I feel like I am in a washing machine, I move up and more riders pass through impossible gaps and then I am not where I want to be. I hold my breath, stick an elbow into a rider I never want to see again and dive through the corner. The speed increases and I know what is coming. Thirty riders back is OK, and then we take the right and hit the cobbles.

We twist and turn and climb in slow motion. Cobbled climbs are about control; it’s not you in charge, it’s those fucking stones. They are the whores on the docks and like a drunken sailor you have to give them everything you have. I am in the tiny gutter trying not to look this mistress in the eyes, and to save what I can.

Then I see the ‘king’. Cap worn backwards over his helmet, leg-warmers cut off below the knee, still in his old leather shoes and toe straps. While the current is dragging everyone else under he is floating to the surface. To other big riders a semi-classic like this would be a training day but he has the hunger, even in his old age, and he glides past: fibres of muscle and the hunger of a farmhand, a man of this land, of this place, of these races. He moves away with riders scrambling in his wake.

We crest the climb and gasp for air. Now the pressure is on. A group of six has escaped but by now it is hard to tell what is happening in the race. Conversation flits between riders and the domestiques from the teams that care, Nordeca, Interwetten, take their turns to go back to the cars to find out what the situation is.

A rider from one of the small Belgian teams tries to push me off the wheel in front. A fucking kermesse rider, I hate these guys. They pay their own wages in the hope of getting a start in the big races and doing enough to get into a team that will pay them to ride their bikes - and those are few and far between. They will ride for nothing, the rest of us ride for next to it.

I ask a rider from the American Com-Tech team with a red Avocet computer on his bars how far it is to go. He just shrugs: “Aww, man, this fucking thing hasn’t worked since the first climb.” He has a polystyrene hard-shell helmet on, like he’s expecting a rock fall. I can’t see his eyes behind his sunglasses but I know he’s lying. If you have an advantage, why give it away?

I count heads: it looks like the group is 40 riders, so I assume it is 60. There are always more than you think. The odds have changed, I think: 60 to one. I’m impressed.

And now my teammate Nico Hermans has looked around the group and seen me amongst the other dirtied faces. When he sidles up to me his eyes are wide and I know now that he is up for this one. He has hauled his large Flemish frame over La Houppe, Berg Stene and the Boigneberg and he is getting twitchy.

‘Hey, Rigo. I am good, I am good. Are you good?’ he pants.

‘Yeah, I’m good.’ I lie because I want him to have to think about asking me to work for him, but he won’t. He’s just as selfish as the rest of us, trampling each other underfoot to get our way.

“When the break gets caught, you go up the road, I’ll wait.”

Of course you fucking will. Never go first. Never.

I deflect. “I’ll go back to the car, and see what Pellecini says.”

Our sports director, Roberto Pellecini, will, I know, be next to useless. I raise my arm anyway and drop back to the car. I think of that very morning when he’d asked me the same thing that he’d asked me every day that I’d seen him: ‘Come sono le gambe?’

How are the legs? What a stupid fucking question, I thought. All I’ve done is walk out of my room to breakfast, how do I know how my legs are? They are still there, there is still blood flowing to them…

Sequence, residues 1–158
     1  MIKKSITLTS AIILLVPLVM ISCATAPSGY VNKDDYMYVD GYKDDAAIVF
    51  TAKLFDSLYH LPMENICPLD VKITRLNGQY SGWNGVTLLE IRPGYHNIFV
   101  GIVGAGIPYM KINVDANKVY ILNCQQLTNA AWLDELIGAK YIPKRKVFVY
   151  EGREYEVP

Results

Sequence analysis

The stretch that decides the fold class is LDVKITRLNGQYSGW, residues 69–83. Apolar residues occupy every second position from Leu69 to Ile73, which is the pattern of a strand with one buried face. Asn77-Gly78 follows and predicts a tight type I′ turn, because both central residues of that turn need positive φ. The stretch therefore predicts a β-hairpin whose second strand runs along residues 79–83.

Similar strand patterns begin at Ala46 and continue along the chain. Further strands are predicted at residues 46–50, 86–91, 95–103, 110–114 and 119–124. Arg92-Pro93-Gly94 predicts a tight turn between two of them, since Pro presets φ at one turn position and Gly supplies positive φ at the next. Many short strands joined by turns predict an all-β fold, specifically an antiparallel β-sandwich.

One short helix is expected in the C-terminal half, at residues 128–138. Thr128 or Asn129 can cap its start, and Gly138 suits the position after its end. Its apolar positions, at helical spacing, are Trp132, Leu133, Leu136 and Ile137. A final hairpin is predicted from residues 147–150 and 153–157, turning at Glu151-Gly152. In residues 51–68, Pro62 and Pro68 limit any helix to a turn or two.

‘Bene’, I’d told him.

Pellecini is the scruffiest Italian I’ve ever seen, his shirt permanently untucked but always worn unbuttoned with a gold chain on display. He came to the team with the bike sponsor and the handful of Italian riders who had been amalgamated in uncomfortable fashion with the rest of the mix-mash of northern Europeans who had found themselves racing for Maspex–Nordeca. The lowest-ranked Division 1 team, it is the last bastion of the chancers and the desperate.

Pellecini skipped the team meeting the night before because his pregnant Belgian fiancée was waiting for him to go to dinner. He has a wife and daughter at home in Italy, of course. He was just happy he remembered to swap his wedding ring for his engagement ring. His life is a ticking time bomb and like most ex-pros it has been since the day that he retired from racing.

Now here he is with his head out of the window of our white Fiat barking like a dog.

I tell him the news, “Siamo rimasti in due.”

He pauses, as if counting to two is difficult.

“Farò quello che vuoi, voi due.”

‘Do what you want’ isn’t the answer I’m looking for.

He gives me four bottles.

“Ancora cinquanta chilometri.”

Fifty kilometres, the real race hasn’t even yet begun. I can see Jesper up there, bouncing around. I can see all of the Dutch Novatech team, well drilled and well dressed.

On the small lanes cracks are starting to appear. Three Italian riders move up on the other side of the road with total ease, one is the Italian champion Beppe Annunziato, wearing fresh white socks over his shoes, not even appearing to breathe.

The break of six is still dangling out in front with a dwindling lead and we are coming to the climbs that people who watch at home know the names of, where people start to care, and the crowds are so dense at the top you can taste the cigarette smoke, and the drunken yelling from the side of the roads has started to get loud and abusive.

We pass the Eikenberg, the Taaienberg and then I start to think – through eight years of my professional career I’ve won five races, five single days when I’ve won, and yet I’ve woken up each race day thinking the same thought, ‘Maybe today I’ll win.’ And this season more than any other I know that if I can just win once it will all be OK. This year I have to beat those fucking odds…

And now I’m still here, so maybe today. Maybe if I don’t listen to Hermans and I can keep close I have a chance. I’ve been fighting for so long, I just want a fucking chance. And today maybe I do; I haven't even dipped into my left pocket yet where I keep the little folded pieces of foil with the pills for the final push. Just in case, Rigo, just in case.

But in that moment the small bunch slows and the riders behind come up on the riders in front too quickly, others brake, or move too sharply, yelp and then fall, and I go with them.

On the floor I’m surrounded by people shouting and mechanics holding wheels and panting from the run from the car, the red-headed Lotto rider is screaming and holding his collarbone, my right hand is swollen.

I know.

I know with the certainty of a broken man that my betting slip can be torn up, I’m not getting back into that race. There will be no fight through the cars, no mechanic leaning out the window and adjusting my brake, no hand into the left pocket for one last effort. All I see is a chalkboard with odds next to my name – and they just keep getting longer.

라파 뉴스레터를 구독함으로써 귀하는 당사의 이용약관에 동의하고 당사의 쿠키 사용을 포함하여 당사의 개인정보 보호정책을 숙지하였음을 확인합니다.